Here’s a fun thought experiment: imagine what innovations would be necessary, feasible, or useful if the fundamental biological or physical restrictions of our world were different: not generally, but in a specific area.
For example, let’s say that the hair on our heads grew not at the rate it does now - approximately 0.5mm/day - but at 1m/day. It seems clear that hairdressers, as least as they are currently organised, wouldn’t be able to keep up. Either we’d need hairdressers to be everywhere and very efficient, or, more likely, we’d need some form of automated haircutting machine - perhaps with one installed in every bathroom. Brides-to-be would struggle to look just-so at the right moment, so there’d need to be an emergency hairdresser on standby.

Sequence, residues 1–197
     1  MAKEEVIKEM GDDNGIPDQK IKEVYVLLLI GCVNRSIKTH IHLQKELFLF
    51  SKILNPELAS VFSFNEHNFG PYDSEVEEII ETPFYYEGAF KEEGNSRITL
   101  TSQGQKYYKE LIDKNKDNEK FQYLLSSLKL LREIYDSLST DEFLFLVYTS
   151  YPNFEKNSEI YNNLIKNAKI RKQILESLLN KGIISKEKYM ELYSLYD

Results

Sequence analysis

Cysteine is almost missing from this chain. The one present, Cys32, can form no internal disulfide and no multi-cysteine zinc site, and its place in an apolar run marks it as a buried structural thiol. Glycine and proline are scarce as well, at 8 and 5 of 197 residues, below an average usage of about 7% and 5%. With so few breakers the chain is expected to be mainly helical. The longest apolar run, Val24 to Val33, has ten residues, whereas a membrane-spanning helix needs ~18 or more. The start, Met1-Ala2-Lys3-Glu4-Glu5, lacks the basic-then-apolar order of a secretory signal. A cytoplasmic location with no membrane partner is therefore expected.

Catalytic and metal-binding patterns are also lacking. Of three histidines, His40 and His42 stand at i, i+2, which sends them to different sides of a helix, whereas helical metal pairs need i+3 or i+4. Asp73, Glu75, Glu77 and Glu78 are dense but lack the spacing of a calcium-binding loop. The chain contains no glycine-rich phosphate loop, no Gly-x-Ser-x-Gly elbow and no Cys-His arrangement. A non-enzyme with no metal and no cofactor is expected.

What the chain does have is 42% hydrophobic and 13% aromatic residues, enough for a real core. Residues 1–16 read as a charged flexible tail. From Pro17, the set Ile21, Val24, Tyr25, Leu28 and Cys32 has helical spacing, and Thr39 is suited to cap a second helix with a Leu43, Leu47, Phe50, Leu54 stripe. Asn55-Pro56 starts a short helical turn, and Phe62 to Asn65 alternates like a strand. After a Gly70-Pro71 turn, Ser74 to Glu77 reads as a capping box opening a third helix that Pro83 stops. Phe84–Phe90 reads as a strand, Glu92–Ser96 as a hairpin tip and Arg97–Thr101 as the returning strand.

Another example, perhaps even more far-fetched, but nevertheless pertinent - what if rubbish expanded in volume in an unbounded way after being disposed of - at a modest rate of, say, 10% a year? We’d already have had to have found a way of either vastly cutting down on rubbish disposal or offloading it to other planets - or perhaps, more sinister, cutting down on the population generating it.
Both of the above scenarios are clearly nonsense given our current understanding of science, but they help in jogging the brain into thinking in a more open-minded mode, and they clarify the consequences of our actions (although rubbish doesn’t expand, we are using more landfill space every year - the scenario merely amplifies the logical conclusion).
Here’s some more to try:
The average air temperature at ground level in temperate areas is -50°C.
Most insects are fatally dangerous to humans, and almost impossible to vaccinate against.
Water cannot be frozen artificially.
Paper decays within 2 months.
Is this a new technique? I’ve never come across it anywhere.